Recent Developments in Chinese Cybersecurity and Information Technology Regulations

Recent Developments in Chinese Cybersecurity and Information Technology Regulations

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The Chinese government has recently issued a flurry of regulations and standards, several in draft form for public comment, to implement the Cybersecurity Law. These mostly reflect a lengthy policy development process instituted after enactment of the Cybersecurity Law in 2016, and in some instances will replace less comprehensive interim documents. 

The Cybersecurity Administration of China (CAC) on May 24 issued the draft Measures on Cybersecurity Review (“draft Measures”), with comments due by June 24. The draft Measures will replace the Measures for Security Review of Network Products and Services (for trial implementation, 2017). The draft Measures consist of 21 articles and apply to the operation of critical information infrastructure (CII). CII is largely defined as network facilities and information systems which, were they to fail, would seriously jeopardize public security and public welfare (e.g., public communications and information services, power, traffic, water, finance, public service, and electronic governance), which should mean that the draft Measures will not apply to most foreign-invested enterprises (FIEs) because of restrictions on foreign investment in CII. Financial services and healthcare services are among the exceptions. However, FIE providers of information technology (IT) and other vital technology to CII operators will have their business impacted by security reviews of procurement decisions by CII operators.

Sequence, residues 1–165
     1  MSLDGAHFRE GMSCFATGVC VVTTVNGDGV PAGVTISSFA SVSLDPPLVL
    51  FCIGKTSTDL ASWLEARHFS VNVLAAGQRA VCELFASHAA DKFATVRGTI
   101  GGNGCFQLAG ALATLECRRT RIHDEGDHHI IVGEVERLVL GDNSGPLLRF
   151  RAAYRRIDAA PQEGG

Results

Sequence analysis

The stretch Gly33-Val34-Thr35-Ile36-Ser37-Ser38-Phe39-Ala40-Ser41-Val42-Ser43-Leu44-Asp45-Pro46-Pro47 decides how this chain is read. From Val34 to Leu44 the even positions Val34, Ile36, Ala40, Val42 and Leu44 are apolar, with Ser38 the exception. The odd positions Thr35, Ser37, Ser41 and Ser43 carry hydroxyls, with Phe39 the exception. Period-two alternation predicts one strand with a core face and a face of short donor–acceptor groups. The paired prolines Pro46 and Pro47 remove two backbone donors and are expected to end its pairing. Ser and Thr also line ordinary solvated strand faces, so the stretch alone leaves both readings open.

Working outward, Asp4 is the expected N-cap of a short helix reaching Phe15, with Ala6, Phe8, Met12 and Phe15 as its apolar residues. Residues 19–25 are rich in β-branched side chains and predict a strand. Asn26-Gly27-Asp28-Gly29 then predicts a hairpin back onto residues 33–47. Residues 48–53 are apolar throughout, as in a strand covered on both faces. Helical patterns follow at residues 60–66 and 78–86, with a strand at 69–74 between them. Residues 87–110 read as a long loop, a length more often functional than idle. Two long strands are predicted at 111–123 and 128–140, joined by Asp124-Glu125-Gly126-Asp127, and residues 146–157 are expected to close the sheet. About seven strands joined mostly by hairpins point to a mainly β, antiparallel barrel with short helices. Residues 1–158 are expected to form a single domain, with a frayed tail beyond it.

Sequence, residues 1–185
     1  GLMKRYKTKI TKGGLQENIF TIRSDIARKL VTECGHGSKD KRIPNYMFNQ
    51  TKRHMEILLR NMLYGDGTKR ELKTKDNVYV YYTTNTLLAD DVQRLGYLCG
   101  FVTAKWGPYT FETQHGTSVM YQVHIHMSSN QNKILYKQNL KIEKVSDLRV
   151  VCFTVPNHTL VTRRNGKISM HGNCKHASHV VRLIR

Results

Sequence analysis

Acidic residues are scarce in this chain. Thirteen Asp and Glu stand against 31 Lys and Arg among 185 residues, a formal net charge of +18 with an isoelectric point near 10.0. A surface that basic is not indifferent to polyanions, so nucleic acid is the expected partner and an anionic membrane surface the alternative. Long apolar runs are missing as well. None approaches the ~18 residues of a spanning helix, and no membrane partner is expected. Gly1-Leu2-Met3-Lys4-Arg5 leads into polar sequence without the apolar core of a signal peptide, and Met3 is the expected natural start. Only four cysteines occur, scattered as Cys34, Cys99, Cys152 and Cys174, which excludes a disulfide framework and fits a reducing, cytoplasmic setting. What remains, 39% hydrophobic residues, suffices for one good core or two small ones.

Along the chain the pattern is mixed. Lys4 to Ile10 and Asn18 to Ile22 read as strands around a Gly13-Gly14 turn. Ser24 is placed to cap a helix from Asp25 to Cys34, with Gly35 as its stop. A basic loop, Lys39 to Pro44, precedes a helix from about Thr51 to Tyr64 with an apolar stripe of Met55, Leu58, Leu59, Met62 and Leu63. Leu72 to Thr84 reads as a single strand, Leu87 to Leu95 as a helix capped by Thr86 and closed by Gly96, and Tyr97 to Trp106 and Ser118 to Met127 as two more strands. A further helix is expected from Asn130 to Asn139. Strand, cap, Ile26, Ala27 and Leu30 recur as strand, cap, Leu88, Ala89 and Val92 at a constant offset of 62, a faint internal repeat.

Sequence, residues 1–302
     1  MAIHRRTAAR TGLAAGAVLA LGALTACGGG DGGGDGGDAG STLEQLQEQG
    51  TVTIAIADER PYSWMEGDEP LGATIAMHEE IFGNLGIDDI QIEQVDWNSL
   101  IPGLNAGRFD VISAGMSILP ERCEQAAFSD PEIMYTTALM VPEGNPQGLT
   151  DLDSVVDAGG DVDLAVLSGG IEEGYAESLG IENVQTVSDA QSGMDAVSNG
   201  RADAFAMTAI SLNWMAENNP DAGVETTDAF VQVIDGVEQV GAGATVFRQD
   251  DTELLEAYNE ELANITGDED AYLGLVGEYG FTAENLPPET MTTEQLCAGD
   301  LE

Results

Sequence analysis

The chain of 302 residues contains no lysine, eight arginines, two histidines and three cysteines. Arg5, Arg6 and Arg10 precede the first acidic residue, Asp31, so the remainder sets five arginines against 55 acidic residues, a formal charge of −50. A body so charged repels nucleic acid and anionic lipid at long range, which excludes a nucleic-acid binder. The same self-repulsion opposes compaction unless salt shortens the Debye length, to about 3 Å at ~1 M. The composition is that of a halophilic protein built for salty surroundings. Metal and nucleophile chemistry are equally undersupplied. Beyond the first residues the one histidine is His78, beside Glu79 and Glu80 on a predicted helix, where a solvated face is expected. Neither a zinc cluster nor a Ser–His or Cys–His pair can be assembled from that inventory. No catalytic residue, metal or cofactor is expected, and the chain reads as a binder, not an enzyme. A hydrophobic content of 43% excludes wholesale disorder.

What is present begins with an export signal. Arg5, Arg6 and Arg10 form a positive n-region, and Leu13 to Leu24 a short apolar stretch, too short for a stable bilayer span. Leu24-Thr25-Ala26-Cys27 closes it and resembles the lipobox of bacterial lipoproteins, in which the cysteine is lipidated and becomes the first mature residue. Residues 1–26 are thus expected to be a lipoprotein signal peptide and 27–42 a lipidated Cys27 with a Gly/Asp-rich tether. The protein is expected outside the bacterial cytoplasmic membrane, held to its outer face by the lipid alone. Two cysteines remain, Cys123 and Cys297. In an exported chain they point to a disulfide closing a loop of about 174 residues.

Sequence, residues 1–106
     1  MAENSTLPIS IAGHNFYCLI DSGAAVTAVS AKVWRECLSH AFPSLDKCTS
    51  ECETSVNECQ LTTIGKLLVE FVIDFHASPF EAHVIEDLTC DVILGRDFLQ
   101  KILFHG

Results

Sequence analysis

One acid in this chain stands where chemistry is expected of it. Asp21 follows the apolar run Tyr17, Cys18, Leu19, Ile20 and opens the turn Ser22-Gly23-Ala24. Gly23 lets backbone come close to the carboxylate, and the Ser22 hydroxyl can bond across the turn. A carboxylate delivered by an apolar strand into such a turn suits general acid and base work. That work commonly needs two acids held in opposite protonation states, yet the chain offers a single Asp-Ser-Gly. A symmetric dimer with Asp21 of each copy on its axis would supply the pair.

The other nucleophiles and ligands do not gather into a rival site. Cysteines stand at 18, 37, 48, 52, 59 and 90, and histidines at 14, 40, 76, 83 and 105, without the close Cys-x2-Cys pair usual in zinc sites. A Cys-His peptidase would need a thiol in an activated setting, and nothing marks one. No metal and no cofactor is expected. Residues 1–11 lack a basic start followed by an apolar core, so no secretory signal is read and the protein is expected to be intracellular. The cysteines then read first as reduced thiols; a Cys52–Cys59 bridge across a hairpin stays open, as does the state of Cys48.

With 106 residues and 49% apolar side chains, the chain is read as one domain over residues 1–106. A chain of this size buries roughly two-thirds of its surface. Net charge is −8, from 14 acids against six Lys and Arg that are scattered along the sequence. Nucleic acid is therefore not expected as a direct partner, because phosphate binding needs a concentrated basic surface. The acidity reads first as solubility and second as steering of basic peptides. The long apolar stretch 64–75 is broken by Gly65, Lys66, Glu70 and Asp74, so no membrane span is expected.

The draft Measures provide for establishment of a national cybersecurity review work mechanism with membership from the CAC, National Development and Reform Commission, Ministry of Industry and Information Technology, Ministry of Public Security, Ministry of State Security, Ministry of Commerce, Ministry of Finance, People’s Bank of China, State Administration for Market Regulation, National Radio and Television Administration, National Administration for the Protection of State Secrets, and Office of the State Commercial Cryptography Administration (OSCCA)—in other words, the country’s leading security, economic planning, industrial development, financial and broadcast regulators. A Cybersecurity Review Office (“Office”) will be housed in CAC to organize cybersecurity reviews and supervise the implementation of cybersecurity review determinations (Article 5).

CII operators are required to identify and forecast potential security risks prior to procurement of products or services, prepare security risk reports with respect thereto, and apply to the Office for a cybersecurity review if any of the following risks are anticipated (Article 6):

(i) complete shutdown or failure of the main functions; 

(ii) leakage, loss, corruption or cross-border transfer of large quantities of personal information (PI) or important data (ID); 

(iii) threats to supply chain security that may compromise operation or maintenance, technical support, or upgrades; or

(iv) other catchall potential risks that may severely impair CII.